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Presidential advisor Amos Hochstein says oil is all that’s left for Putin

Presidential advisor Amos Hochstein says oil is all that’s left for Putin

Amos Hochstein’s photo in Beirut, Lebanon, on October 27, 2022.

Hossam Shabaro | Anadolu Agency | Getty Images

Oil is all that’s left of the Russian economy after its invasion of Ukraine earlier this year, according to Amos Hochstein, President Joe Biden’s special presidential coordinator.

“Oil is the only thing they have left in this economy… Putin has destroyed the rest of the economy,” Hochstein told CNBC’s Hadley Gamble on Monday.

“All he has left is stuff that comes out of the ground. He won’t sell his gas to Europe anymore, so all he has is oil, and that’s what finances this war.”

The Russian Embassy in the UK was not immediately available to respond to comments when contacted by CNBC.

The Russian economy has shrunk due to 4% year-over-year compared to the second quarterWhatIt is the Central Bank of Russia You expect the slowdown to deepen in the coming quarters. The International Monetary Fund expects Russia’s GDP to shrink by 3.4% in 2022.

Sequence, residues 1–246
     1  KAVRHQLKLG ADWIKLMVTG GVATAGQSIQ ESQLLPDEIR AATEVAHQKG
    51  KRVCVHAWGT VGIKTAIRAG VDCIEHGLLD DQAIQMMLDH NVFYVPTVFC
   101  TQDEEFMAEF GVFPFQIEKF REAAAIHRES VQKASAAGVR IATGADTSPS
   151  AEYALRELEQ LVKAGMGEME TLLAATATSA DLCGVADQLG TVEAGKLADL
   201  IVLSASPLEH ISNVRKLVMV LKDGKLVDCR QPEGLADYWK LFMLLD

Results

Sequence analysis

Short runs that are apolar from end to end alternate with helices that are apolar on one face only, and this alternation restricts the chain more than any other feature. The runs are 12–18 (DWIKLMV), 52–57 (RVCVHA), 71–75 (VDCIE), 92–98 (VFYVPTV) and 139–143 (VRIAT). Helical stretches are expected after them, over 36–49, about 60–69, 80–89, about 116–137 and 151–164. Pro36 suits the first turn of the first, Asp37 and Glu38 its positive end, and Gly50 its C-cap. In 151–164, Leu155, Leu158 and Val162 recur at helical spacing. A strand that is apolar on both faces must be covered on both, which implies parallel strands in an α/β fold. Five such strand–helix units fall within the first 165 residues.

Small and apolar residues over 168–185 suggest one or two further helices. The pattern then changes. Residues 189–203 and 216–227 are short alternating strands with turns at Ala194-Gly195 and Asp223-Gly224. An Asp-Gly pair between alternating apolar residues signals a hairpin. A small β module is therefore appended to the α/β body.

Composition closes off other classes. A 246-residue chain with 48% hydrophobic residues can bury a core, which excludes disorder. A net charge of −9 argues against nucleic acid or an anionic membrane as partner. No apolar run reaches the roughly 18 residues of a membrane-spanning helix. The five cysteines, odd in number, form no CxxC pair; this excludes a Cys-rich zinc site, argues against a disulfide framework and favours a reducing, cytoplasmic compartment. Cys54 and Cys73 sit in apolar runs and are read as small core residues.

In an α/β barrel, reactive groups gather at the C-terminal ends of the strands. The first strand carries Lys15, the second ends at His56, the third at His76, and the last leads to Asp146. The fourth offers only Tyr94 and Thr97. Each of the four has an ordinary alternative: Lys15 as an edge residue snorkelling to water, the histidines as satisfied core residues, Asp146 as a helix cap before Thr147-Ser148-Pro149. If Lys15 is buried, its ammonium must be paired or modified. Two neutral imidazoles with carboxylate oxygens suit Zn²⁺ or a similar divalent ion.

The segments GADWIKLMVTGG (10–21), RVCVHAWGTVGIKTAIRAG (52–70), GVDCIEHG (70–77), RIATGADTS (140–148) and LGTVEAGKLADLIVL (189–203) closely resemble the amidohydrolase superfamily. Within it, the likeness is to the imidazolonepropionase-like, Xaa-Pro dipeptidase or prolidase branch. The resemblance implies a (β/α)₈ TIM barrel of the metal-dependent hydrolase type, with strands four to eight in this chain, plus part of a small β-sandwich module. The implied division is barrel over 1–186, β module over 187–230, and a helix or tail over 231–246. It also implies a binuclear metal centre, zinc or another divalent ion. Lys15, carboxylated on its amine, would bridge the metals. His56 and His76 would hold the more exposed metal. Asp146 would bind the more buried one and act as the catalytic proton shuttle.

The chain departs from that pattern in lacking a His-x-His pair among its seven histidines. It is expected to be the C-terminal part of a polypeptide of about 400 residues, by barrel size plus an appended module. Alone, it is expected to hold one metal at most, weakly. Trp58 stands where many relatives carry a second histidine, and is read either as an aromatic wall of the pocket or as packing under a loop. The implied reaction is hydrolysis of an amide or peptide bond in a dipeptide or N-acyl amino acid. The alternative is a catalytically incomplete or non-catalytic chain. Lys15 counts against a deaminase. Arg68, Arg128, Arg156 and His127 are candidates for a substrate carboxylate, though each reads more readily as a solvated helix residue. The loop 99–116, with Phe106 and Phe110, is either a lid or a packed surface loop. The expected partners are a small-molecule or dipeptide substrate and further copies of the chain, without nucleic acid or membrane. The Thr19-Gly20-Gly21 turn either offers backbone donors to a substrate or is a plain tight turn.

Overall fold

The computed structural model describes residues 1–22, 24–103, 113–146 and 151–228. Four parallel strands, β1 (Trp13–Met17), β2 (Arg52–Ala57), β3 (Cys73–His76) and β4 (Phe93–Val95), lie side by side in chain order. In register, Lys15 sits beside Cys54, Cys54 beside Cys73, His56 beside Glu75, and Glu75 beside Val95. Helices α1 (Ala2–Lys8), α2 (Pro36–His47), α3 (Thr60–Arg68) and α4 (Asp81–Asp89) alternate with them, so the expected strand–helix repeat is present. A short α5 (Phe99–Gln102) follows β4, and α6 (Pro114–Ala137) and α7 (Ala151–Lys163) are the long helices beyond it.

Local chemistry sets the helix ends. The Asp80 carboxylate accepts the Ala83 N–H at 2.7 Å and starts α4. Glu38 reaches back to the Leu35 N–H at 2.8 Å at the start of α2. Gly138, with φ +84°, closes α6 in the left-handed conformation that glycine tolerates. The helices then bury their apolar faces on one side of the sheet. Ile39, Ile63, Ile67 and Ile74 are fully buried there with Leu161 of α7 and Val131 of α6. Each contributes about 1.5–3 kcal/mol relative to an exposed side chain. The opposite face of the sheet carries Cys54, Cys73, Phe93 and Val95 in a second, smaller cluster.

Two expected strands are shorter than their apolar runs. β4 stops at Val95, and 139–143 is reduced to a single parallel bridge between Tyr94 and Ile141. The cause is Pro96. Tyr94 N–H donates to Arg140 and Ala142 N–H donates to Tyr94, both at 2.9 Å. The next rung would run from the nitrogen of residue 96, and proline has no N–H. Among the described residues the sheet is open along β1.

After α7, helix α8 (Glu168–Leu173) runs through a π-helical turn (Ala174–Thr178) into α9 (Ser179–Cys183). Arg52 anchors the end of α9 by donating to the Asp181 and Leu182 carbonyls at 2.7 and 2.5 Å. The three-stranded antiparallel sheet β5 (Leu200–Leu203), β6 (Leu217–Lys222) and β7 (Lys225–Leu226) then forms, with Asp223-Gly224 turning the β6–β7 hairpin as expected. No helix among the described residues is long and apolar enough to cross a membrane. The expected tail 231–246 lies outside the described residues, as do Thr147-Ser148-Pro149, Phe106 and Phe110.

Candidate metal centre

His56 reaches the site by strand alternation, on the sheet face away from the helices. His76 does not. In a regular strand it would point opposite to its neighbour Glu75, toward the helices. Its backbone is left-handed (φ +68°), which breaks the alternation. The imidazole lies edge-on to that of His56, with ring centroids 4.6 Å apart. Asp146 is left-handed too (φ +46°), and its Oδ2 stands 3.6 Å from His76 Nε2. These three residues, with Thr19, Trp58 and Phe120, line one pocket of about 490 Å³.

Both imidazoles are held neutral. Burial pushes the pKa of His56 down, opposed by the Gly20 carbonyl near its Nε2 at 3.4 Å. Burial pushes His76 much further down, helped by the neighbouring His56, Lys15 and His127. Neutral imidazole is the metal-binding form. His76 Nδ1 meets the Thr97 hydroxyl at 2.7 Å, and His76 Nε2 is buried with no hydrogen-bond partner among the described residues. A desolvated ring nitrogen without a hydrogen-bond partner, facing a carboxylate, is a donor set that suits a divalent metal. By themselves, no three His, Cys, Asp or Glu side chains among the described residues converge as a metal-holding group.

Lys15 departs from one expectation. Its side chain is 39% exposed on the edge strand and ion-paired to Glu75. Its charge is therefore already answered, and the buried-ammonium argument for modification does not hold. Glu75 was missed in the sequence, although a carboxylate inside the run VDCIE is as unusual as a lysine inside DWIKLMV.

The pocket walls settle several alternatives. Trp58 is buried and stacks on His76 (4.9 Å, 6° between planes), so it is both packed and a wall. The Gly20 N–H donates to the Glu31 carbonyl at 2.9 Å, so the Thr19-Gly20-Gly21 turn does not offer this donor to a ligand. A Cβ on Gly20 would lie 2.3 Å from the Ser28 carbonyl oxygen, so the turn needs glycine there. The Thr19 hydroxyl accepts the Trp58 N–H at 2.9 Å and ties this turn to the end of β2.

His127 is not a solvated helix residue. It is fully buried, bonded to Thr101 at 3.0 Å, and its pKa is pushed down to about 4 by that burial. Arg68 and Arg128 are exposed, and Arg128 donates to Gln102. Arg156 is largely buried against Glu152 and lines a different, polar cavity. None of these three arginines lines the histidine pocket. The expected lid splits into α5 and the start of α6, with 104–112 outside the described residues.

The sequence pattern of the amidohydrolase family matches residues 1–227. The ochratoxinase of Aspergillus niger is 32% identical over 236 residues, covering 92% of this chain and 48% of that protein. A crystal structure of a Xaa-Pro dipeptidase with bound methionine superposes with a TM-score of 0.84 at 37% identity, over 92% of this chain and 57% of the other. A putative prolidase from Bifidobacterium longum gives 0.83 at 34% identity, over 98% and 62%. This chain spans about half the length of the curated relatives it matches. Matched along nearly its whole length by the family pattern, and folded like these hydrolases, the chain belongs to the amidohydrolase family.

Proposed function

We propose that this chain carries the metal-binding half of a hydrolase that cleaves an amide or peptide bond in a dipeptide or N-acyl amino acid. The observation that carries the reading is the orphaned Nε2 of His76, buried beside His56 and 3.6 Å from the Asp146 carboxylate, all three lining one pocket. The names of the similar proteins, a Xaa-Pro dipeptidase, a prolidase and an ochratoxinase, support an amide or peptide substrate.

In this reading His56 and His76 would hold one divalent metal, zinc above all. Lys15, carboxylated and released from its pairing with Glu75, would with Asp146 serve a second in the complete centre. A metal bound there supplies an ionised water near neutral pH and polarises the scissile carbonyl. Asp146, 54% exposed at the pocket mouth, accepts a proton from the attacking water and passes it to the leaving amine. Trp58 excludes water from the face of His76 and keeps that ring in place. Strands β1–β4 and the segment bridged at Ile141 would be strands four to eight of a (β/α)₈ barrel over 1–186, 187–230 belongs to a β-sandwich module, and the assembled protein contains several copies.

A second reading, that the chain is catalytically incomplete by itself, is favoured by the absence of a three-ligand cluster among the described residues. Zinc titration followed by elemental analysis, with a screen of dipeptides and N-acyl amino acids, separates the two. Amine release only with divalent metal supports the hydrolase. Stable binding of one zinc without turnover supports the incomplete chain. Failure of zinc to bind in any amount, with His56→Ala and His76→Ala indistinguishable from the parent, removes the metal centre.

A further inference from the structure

Hochstein’s comments from the ADIPEC conference in Abu Dhabi come at a volatile time for energy markets in the wake of the Russian invasion of Ukraine in February 2022.

Russia was the largest supplier of both natural gas and petroleum oils to the European Union in 2021, according to Eurostat, but gas exports from Russia to the European Union have fallen this year.

“Despite the available production and transportation capacity, Russia has reduced its gas supplies to the EU by nearly 50% year on year since the beginning of 2022,” According to the International Energy Agency.

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Read more about energy from CNBC Pro

As such, Hochstein stressed the importance of acting now to ensure a safer environment for the development of future technologies in the energy sector.

“Fortunately or unfortunately, energy today is the number one issue in the world,” he said. “You know, we’re talking about oil and gas here, but the energy transition — look what we just went through in the United States, The largest climate investmentWhich fits well with what countries like the UAE and some other countries around the world are doing.”

He added that these investments, in supply chains and the energy future more broadly, should be made “today”.

“So that we don’t end up with the same energy geopolitics of renewables and electric cars as in the 20th century for oil and gas,” he added.

CNBC’s Elliot Smith contributed to this report.